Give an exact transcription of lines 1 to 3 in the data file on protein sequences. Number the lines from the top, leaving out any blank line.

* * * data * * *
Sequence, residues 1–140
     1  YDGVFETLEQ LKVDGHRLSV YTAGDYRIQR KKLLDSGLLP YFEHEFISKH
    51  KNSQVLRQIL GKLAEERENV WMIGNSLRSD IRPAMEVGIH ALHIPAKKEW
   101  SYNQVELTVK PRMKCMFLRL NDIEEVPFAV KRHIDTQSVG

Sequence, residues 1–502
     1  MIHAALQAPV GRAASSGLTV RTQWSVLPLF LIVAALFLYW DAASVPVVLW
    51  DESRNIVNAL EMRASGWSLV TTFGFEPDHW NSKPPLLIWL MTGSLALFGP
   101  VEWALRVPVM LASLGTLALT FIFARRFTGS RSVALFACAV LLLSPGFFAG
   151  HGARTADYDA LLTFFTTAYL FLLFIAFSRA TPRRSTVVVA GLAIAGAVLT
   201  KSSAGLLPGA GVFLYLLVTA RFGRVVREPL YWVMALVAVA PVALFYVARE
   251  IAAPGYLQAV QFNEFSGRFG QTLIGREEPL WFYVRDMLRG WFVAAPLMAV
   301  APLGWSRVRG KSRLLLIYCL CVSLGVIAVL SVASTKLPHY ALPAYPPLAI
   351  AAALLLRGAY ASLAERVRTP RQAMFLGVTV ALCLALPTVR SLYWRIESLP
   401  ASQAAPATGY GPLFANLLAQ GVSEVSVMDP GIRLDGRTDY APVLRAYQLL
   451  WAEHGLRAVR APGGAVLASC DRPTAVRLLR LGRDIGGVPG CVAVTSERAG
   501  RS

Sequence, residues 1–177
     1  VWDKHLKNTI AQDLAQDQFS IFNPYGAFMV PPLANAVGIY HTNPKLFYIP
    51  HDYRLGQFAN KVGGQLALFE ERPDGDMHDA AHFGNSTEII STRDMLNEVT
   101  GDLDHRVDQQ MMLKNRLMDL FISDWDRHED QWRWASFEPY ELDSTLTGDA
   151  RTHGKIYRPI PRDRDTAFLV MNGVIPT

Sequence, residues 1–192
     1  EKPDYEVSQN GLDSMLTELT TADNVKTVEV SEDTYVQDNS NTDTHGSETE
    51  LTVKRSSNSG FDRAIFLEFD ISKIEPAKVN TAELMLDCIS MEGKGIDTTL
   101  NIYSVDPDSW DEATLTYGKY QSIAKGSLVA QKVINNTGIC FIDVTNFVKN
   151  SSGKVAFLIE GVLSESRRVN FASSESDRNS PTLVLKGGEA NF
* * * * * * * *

Sequence, residues 1–140
     1  YDGVFETLEQ LKVDGHRLSV YTAGDYRIQR KKLLDSGLLP YFEHEFISKH
    51  KNSQVLRQIL GKLAEERENV WMIGNSLRSD IRPAMEVGIH ALHIPAKKEW